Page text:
I was deeply moved by his words and by the low tone, now sad, now fierce, in which they were delivered--for it was unusual for Mazarin to say so much in a breath, and I knew that André's treachery must have stricken him sorely.

It was not for me to endeavour by argument to convince him that he was in error; moreover, I knew full well that all he said was true, and being no lisping courtier, to whom the art of falsehood comes as naturally as that of breathing, but a blunt soldier who spoke but what was in my heart, I held my peace.

With those keen eyes of his he read what was in my mind; taking me by the hand, he pressed it warmly.

"Thanks, my friend, thanks!" he murmured, "you at least are true, true as the steel you wear and honour, and so long as this weak hand of mine can sway men's fortunes, so long as I live, you shall not be forgotten. But go now, Cavaignac, leave me; André may return at any moment, and it would awaken his suspicions to find you here, for there are none so suspicious as traitors. Await my orders in the ante-chamber, as usual."

"But is it safe to leave your Eminence alone with him?" I cried, in some concern.

He laughed softly.

"Think you the knave is eager to enjoy the gibbet he has earned as Montfaucon?" he said. "Nay, have no fear, it will not come to violence."

"A rat at bay is a dangerous foe," I answered.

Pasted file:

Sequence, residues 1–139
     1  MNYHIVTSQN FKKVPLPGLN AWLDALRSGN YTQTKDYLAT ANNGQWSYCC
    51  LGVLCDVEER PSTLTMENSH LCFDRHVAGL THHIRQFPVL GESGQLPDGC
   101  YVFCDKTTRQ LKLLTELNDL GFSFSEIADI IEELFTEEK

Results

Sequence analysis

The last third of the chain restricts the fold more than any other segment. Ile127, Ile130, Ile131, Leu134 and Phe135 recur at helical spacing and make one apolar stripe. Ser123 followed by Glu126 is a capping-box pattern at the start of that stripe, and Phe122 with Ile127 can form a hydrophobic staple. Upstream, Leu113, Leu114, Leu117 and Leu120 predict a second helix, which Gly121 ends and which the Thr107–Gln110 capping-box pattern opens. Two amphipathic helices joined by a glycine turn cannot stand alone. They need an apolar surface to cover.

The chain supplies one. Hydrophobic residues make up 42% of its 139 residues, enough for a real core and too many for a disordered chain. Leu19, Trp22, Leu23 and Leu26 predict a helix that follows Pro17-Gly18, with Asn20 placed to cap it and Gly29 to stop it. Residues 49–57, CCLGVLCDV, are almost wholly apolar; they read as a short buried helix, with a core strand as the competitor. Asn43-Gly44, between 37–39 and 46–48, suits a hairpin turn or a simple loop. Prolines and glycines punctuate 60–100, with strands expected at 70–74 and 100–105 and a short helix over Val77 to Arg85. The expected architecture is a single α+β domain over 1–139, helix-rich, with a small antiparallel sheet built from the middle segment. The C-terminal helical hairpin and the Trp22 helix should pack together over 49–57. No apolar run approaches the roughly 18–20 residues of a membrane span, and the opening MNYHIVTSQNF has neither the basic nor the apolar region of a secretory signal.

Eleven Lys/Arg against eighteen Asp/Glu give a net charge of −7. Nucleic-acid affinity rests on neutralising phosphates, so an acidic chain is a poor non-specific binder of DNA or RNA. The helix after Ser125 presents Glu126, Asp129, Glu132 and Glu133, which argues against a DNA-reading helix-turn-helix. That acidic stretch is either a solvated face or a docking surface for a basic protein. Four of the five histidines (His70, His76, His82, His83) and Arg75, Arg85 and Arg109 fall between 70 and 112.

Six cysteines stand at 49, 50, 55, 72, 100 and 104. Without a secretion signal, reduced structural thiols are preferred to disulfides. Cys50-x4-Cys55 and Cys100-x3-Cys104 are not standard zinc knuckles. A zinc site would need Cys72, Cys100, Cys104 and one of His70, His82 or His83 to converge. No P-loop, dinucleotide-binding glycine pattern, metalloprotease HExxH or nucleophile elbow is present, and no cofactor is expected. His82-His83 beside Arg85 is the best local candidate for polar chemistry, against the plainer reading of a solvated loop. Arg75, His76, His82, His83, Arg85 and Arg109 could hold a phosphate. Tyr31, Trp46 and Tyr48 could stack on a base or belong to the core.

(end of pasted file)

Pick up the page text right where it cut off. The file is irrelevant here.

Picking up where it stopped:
"I know, I know," he replied, "and so I have taken my precautions--unnecessary as I think them--voyez!" and as he opened his scarlet robe I beheld the glitter of a shirt of mail beneath.

"'Tis well," I replied, and, bowing, I withdrew.

In the dark and silent ante-chamber--for the pages and their ungodly toys were gone when I returned--I paced slowly to and fro, musing sadly over all that the Cardinal had said, and cursing in my heart that dog André. So bitter did I feel towards the villainous traitor, that, when at the end of half an hour I beheld him standing before me with a false smile upon his pale countenance, it was only by an effort that I refrained from striking him.

"Here is your domino, Monsieur de Cavaignac," he said, placing a long dark garment upon a chair back.

"Is his Eminence ready?" I inquired, in a surly tone. As my tone was usually a surly one, there was no reason why it should affect André upon this occasion; nor did it.

"His Eminence is almost ready," he replied. "He wishes you to wait in the study."

This was unusual and set me thinking. The conclusion I arrived at was that Mazarin had not yet opened his campaign against the luckless servant, but wished to have me within call when he did so.

Without a word to André I unbuckled my sword, as was my custom, and begged him to take it to my room, since I should have no further use for it that night.